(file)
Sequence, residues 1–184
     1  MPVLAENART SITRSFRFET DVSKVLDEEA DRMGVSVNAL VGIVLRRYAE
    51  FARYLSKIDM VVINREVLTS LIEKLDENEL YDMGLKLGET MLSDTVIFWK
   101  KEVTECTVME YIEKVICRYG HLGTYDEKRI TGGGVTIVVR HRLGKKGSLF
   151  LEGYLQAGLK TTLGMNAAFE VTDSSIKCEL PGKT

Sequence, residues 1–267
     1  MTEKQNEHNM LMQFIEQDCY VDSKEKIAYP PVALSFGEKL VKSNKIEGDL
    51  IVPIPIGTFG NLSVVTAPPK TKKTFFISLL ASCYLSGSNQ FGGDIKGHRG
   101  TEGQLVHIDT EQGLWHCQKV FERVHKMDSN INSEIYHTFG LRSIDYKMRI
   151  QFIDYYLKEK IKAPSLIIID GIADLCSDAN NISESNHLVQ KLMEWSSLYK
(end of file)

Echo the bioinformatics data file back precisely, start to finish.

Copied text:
Sequence, residues 1–184
     1  MPVLAENART SITRSFRFET DVSKVLDEEA DRMGVSVNAL VGIVLRRYAE
    51  FARYLSKIDM VVINREVLTS LIEKLDENEL YDMGLKLGET MLSDTVIFWK
   101  KEVTECTVME YIEKVICRYG HLGTYDEKRI TGGGVTIVVR HRLGKKGSLF
   151  LEGYLQAGLK TTLGMNAAFE VTDSSIKCEL PGKT

Sequence, residues 1–267
     1  MTEKQNEHNM LMQFIEQDCY VDSKEKIAYP PVALSFGEKL VKSNKIEGDL
    51  IVPIPIGTFG NLSVVTAPPK TKKTFFISLL ASCYLSGSNQ FGGDIKGHRG
   101  TEGQLVHIDT EQGLWHCQKV FERVHKMDSN INSEIYHTFG LRSIDYKMRI
   151  QFIDYYLKEK IKAPSLIIID GIADLCSDAN NISESNHLVQ KLMEWSSLYK